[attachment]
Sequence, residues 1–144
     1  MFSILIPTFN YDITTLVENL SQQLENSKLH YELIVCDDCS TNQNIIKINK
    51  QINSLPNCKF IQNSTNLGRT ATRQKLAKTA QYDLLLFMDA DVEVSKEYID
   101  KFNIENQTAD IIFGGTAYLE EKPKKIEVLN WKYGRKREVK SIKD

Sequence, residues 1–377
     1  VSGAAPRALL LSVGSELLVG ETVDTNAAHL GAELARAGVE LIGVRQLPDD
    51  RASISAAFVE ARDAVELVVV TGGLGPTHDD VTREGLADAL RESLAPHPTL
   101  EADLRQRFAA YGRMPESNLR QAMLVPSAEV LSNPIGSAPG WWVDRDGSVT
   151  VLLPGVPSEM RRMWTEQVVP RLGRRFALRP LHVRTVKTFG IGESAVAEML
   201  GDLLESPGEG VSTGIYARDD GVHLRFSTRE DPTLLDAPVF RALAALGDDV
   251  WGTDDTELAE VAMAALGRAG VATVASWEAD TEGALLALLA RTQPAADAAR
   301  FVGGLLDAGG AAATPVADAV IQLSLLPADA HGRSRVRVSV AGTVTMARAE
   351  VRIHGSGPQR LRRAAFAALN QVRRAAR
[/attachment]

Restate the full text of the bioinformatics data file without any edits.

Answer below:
Sequence, residues 1–144
     1  MFSILIPTFN YDITTLVENL SQQLENSKLH YELIVCDDCS TNQNIIKINK
    51  QINSLPNCKF IQNSTNLGRT ATRQKLAKTA QYDLLLFMDA DVEVSKEYID
   101  KFNIENQTAD IIFGGTAYLE EKPKKIEVLN WKYGRKREVK SIKD

Sequence, residues 1–377
     1  VSGAAPRALL LSVGSELLVG ETVDTNAAHL GAELARAGVE LIGVRQLPDD
    51  RASISAAFVE ARDAVELVVV TGGLGPTHDD VTREGLADAL RESLAPHPTL
   101  EADLRQRFAA YGRMPESNLR QAMLVPSAEV LSNPIGSAPG WWVDRDGSVT
   151  VLLPGVPSEM RRMWTEQVVP RLGRRFALRP LHVRTVKTFG IGESAVAEML
   201  GDLLESPGEG VSTGIYARDD GVHLRFSTRE DPTLLDAPVF RALAALGDDV
   251  WGTDDTELAE VAMAALGRAG VATVASWEAD TEGALLALLA RTQPAADAAR
   301  FVGGLLDAGG AAATPVADAV IQLSLLPADA HGRSRVRVSV AGTVTMARAE
   351  VRIHGSGPQR LRRAAFAALN QVRRAAR